My name is Macon Vining.
I am passionate about making a positive change in the world. Up to this point in my life, this passion has mostly been focused on space and climate science in particular; however, with the changing socioeconomic tides I find myself looking for an outlet to make lasting innovations that influence the world in a positive way.
Currently, I work as a Space Systems Engineer II at NASA's Jet Propulsion Laboratory in Pasadena, California. I have spent the past three years working in many different interesting and fulfilling roles which span the gamut of the spacecraft development lifecycle,
- RainCube, Spacecraft Manager
- Sentinel-6, Project Systems Engineering
- InSight, MOS V&V Systems Engineer
- JPL Innovation Foundry, Team X + A Team Core Member
Before my time at JPL, I worked as the Spacecraft Integration Lead for the RACE CubeSat in the Texas Spacecraft Lab. The Texas Spacecraft Lab was a small lab run by Dr. Glenn Lightsey in the Center for Space Research at the University of Texas at Austin – where I graduated with a B.S. in Aerospace Engineering in December of 2014.
But that's just my professional experience.
I have always enjoyed working with my hands. I've hacked together a bluetooth transceiver for my car, built a desk, built a portable wall for a studio apartment, restored a laptop motherboard using a microscope and a soldering iron, but I am most proud of the following project.
A few years ago I designed and built my own sound system. Just recently, I decided to update it.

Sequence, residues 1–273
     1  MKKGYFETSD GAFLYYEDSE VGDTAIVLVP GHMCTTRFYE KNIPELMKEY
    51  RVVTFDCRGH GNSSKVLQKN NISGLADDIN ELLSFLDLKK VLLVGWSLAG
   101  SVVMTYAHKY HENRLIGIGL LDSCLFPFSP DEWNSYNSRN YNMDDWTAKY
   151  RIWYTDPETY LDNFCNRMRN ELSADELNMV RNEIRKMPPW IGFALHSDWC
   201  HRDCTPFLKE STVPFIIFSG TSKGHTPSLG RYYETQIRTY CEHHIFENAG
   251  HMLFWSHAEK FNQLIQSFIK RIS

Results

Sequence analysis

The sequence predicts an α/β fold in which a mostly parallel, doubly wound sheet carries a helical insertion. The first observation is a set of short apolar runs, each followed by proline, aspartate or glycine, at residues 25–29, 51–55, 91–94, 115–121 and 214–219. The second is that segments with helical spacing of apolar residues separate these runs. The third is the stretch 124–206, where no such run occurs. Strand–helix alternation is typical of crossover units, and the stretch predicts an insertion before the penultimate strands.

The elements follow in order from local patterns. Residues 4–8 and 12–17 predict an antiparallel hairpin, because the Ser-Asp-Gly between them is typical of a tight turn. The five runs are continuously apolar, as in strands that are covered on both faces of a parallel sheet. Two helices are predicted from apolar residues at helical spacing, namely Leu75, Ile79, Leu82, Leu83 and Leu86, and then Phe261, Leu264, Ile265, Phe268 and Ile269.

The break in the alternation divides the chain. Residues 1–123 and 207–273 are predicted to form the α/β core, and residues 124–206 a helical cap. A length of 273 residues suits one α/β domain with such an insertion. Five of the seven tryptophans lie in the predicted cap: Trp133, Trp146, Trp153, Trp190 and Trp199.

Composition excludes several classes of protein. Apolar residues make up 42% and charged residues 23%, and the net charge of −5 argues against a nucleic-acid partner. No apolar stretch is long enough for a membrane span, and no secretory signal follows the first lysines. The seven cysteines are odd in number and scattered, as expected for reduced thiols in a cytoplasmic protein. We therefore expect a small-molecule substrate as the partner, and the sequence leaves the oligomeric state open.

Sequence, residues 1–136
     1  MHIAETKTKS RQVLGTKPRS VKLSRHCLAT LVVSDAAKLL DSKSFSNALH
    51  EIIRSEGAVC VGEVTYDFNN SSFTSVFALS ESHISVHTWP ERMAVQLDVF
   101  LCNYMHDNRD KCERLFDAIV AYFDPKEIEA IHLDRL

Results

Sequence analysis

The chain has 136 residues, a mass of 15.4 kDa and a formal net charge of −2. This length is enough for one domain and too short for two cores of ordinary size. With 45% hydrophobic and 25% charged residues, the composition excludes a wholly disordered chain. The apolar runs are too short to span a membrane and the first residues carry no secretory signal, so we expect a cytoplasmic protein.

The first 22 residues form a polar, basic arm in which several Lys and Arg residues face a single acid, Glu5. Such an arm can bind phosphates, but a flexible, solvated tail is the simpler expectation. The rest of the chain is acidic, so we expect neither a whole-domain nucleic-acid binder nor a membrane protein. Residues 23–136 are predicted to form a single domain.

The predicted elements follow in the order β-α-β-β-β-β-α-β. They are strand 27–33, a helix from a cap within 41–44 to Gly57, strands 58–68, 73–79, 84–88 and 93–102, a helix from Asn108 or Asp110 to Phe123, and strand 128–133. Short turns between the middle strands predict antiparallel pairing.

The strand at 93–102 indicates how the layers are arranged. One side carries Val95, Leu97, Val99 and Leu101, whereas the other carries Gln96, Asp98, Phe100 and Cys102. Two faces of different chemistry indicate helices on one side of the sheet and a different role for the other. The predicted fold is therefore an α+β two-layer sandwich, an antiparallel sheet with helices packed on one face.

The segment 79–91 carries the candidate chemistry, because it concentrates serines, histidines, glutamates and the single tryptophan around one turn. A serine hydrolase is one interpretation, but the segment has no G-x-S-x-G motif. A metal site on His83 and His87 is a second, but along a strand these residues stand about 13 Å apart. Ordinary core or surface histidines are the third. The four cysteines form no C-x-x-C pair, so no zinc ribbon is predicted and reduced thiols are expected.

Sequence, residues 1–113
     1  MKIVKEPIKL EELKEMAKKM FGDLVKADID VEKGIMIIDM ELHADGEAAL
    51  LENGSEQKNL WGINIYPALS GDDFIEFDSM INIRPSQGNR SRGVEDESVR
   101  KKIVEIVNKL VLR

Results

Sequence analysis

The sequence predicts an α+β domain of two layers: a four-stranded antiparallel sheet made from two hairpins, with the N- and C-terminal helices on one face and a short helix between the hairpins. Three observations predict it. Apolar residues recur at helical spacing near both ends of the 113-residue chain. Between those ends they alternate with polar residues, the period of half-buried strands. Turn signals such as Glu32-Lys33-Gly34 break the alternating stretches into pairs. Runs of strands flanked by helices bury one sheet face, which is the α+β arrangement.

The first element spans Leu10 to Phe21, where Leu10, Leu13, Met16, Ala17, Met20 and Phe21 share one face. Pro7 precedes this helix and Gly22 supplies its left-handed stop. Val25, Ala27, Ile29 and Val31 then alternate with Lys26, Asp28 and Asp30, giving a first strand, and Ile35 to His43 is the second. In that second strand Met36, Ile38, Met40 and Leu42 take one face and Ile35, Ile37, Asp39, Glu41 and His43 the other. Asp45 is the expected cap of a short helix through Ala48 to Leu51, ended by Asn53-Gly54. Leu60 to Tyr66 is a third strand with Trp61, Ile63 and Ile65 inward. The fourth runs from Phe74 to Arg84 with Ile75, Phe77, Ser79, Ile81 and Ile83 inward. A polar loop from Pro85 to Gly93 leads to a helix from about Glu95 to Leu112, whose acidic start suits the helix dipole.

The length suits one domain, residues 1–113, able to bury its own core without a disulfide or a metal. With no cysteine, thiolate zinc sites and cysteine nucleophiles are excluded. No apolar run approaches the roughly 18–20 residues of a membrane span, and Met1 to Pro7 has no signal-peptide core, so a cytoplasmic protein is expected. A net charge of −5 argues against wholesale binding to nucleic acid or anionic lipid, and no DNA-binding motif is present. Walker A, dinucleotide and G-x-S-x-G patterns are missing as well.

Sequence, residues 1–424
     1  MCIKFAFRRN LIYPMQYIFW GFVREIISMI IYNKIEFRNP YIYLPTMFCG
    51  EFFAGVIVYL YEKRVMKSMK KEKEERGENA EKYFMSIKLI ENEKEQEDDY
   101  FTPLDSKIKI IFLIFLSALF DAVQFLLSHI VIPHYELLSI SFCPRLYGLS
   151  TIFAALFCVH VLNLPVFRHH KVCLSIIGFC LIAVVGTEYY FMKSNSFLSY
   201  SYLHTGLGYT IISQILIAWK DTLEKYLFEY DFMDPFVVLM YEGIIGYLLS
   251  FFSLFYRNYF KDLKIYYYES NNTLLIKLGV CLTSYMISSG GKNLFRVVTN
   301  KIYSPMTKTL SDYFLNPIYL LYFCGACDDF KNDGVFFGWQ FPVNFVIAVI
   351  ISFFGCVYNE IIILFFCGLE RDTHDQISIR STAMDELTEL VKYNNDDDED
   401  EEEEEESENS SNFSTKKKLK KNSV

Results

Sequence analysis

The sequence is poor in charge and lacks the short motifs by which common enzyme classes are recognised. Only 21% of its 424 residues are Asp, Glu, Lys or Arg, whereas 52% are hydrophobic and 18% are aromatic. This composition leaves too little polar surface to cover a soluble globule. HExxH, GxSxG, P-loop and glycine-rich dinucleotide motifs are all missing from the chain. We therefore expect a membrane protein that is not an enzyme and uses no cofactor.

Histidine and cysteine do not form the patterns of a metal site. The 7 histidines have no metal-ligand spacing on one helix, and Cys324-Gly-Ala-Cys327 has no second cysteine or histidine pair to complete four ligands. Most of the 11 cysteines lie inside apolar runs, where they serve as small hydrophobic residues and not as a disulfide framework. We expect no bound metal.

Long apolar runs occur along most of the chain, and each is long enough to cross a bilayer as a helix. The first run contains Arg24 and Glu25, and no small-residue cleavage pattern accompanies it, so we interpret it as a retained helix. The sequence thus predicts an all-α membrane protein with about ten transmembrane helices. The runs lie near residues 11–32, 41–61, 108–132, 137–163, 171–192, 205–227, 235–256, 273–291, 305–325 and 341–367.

Here are the original build notes. Click through and follow along with the captions to see what is created at the intersection of design, craftsmanship, and engineering.
I had a problem. I was moving to California for work, and I could take only the belongings that could fit inside my car. Unfortunately, my beloved 2.1 system I owned in college was just too large for my car, let alone a car filled with all my other belongings. Do I simply sell my previous system and buy another when I get there? Sure, I could do that. But I could also make this my own thing and learn something. I tend to learn a lot more when I do something myself.
I'll build it.
Next time you're in front of a good pair of speakers and a well mastered song, listen intently. You might notice you can hear the location and orientation of each of the instruments in the recording studio - this is called sound imaging. Many artists replicate their arrangement in the studio with their arrangement on stage for this reason. Further, you might feel a wash of sound surrounding you, as if you're being wrapped in a blanket of musical consonance and dissonance - this is called soundstage. If you've ever been to a concert, you've felt this sensation. Some people argue that a soundstage is directly related to volume and that you can brute force a grandiose soundstage by cranking decibels alone, but I find that to be clumsy and imprecise. Descriptive imaging and a verbose soundstage coexist and collaborate with one another, much like how a particular rhetoric helps drive a narrative.
I decided I would build something more portable and with better stereo imaging. There. Some requirements. Let's go from there.
I wanted to make something I would really enjoy and could place anywhere without fear of spoiling a nice looking room. My wood selection was Western Red Cedar, mostly because of the beautiful contrast between the light grain in the sapwood and the deeper red grain in the heartwood. Most speaker cabinets use quarter inch MDF with a wood veneer, and that method is totally fine, but I wanted to try something different rather than follow a guide online.